--
Snag
Cast 5 ingots and
  Click to see the full signature.
Add pictures here
<% if( /^image/.test(type) ){ %>
<% } %>
<%-name%>
Add image file
Upload
wrote:

Mostly as Materials Editor at _American Machinist_. I had to study basic metallurgy for a couple of years to be able to handle the tech papers coming in from Alcoa, U.S. Steel, and so on.
I'm hardly an expert but I know the sources. I'm very curious about what the hobbycasting group is saying that's directly opposite. Does it concern 7075? It's notorious for having lousy corrosion resistance. There are some 7xxxx alloys that are much better, but not 7075.
As for copper in aluminum, it makes it extremely hot-short and prone to porosity. That's why welding 2024 is not recommended except by some specialized techniques. It cracks like crazy, and if it happens not to crack today, it may in a couple of weeks, as the HAZ age-hardens.
Anyway, what is opposite?
--
Ed Humtress

Add pictures here
<% if( /^image/.test(type) ){ %>
<% } %>
<%-name%>
Add image file
Upload
wrote:

Not that 7075 is corrosion-resistant , just that it can indeed be cast by a home shop foundry . I've cast a couple of pieces with no problem - in fact it casts nicely and machines well if you chill it in water straight out of the mold then let it age for a couple of weeks . 6061 is very gummy especially when freshly cast , and 356 is sweet to work with . As far as copper in aluminum , we try to avoid it . It does indeed cause problems , mostly in the machinibility of the items . A trace is no problem , but get too much in the melt and you'll find that it's nearly impossible to machine , even with carbide tooling . Some of the best bronzes are mostly copper with small amounts of al , ampco 45 for example <my bike rides on swingarm bushings made of it ...> and they too are difficult to machine . I'm not set up to weld aluminum , and cannot speak to the weldability of any of the alloys . When I need that knowledge I'll be looking for info ! -- Snag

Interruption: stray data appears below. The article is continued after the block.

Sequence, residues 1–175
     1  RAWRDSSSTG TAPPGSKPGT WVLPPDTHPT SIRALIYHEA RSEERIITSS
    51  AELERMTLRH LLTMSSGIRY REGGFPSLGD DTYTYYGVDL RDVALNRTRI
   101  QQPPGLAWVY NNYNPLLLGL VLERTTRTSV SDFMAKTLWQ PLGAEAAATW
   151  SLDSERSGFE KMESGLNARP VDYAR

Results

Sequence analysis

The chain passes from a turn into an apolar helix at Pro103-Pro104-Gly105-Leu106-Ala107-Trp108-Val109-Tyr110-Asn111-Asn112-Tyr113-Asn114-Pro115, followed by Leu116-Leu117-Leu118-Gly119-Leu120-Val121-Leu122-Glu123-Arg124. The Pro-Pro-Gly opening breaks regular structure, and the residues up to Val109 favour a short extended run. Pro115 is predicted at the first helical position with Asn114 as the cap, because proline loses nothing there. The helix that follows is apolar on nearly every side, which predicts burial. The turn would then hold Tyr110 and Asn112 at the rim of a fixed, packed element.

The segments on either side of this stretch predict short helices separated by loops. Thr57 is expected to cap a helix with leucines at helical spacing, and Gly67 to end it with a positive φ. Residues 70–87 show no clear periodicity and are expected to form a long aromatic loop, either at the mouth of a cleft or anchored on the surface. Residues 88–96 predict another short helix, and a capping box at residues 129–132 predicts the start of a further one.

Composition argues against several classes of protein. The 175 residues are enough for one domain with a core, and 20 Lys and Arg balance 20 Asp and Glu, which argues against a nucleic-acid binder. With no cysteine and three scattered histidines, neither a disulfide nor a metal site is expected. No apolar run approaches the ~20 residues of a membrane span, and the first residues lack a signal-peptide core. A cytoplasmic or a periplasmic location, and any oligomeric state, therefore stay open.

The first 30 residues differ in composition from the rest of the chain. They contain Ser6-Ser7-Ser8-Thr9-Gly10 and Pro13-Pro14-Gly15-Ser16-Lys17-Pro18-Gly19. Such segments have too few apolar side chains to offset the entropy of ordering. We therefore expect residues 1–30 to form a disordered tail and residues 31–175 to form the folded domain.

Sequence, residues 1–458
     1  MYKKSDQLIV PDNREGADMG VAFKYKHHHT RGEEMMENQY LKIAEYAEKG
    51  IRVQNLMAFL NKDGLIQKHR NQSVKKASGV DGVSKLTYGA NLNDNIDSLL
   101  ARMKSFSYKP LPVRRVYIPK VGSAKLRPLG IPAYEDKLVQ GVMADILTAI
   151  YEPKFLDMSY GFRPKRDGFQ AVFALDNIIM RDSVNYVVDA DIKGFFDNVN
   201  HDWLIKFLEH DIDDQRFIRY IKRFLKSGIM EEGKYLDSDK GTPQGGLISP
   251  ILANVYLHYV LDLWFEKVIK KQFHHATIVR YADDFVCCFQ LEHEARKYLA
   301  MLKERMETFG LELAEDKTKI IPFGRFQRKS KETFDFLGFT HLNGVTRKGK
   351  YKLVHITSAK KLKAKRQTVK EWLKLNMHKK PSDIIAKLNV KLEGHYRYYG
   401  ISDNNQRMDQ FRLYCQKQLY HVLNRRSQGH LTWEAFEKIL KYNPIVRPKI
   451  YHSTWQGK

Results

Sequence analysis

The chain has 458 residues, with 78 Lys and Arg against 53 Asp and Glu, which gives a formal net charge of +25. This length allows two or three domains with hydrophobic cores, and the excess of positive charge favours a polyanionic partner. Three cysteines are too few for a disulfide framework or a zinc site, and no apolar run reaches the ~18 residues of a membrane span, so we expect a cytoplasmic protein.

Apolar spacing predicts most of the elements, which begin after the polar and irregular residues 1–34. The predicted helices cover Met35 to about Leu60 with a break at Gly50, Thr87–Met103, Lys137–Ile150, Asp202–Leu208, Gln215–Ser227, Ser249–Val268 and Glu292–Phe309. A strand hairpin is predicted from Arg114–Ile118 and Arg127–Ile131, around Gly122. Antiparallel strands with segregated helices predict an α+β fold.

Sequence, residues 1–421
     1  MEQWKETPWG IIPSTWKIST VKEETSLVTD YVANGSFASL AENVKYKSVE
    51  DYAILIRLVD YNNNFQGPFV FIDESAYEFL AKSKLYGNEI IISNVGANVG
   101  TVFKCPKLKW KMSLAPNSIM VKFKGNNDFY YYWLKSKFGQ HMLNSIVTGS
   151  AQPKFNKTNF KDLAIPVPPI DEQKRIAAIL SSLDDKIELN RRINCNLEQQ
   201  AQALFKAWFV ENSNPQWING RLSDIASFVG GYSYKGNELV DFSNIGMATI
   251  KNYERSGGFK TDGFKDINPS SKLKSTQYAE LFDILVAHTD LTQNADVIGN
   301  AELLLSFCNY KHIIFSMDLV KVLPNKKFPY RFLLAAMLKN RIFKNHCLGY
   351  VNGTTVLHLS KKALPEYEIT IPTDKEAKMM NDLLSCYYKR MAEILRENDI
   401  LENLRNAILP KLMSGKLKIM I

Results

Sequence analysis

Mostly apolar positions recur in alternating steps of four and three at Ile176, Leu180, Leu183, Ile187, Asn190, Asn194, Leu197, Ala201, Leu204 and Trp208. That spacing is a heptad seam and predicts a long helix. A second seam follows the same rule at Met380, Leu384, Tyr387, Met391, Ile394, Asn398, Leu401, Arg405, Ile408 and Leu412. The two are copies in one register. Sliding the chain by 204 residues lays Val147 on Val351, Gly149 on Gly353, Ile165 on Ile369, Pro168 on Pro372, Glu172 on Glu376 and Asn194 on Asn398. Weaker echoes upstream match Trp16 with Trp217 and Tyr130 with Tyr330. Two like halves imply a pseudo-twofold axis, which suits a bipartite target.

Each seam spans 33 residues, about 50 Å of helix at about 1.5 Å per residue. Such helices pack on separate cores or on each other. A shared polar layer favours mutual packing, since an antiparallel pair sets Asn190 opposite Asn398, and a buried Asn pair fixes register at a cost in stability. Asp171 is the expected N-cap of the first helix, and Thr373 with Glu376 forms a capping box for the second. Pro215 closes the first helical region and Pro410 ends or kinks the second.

Add pictures here
<% if( /^image/.test(type) ){ %>
<% } %>
<%-name%>
Add image file
Upload
wrote:

Ok, a little deeper digging: 7075 develops brittle microstructure and intermetallics when cast. There have been many professional experiments with it, including rapid chilling and squeeze-casting (not really full-melt casting), but they have been abandoned as far as I can tell.
An application that requires wrought 7075 requires yield strength on the order of 73,000 psi or higher. The best figure I've found for cast alloys in the 7xxx series is 30,000 psi.
I have some more checking to do when I get a chance. But what I think you're getting with your castings is an alloy that may machine well, but which has low strength compared to any wrought 7075, plus 7075's limitations: poor corrosion resistance and low ductility. Intermetallics frequently aid machining. They also destroy strength.
The alloy was developed by Sumitomo for making fighter aircraft in the 1930s, similar to our earlier development of 4130 steel. Since then, other aluminum alloys in the 7xxx series (and 7xx.x for casting alloys) have been developed, and they deal better with individual limitations of 7075.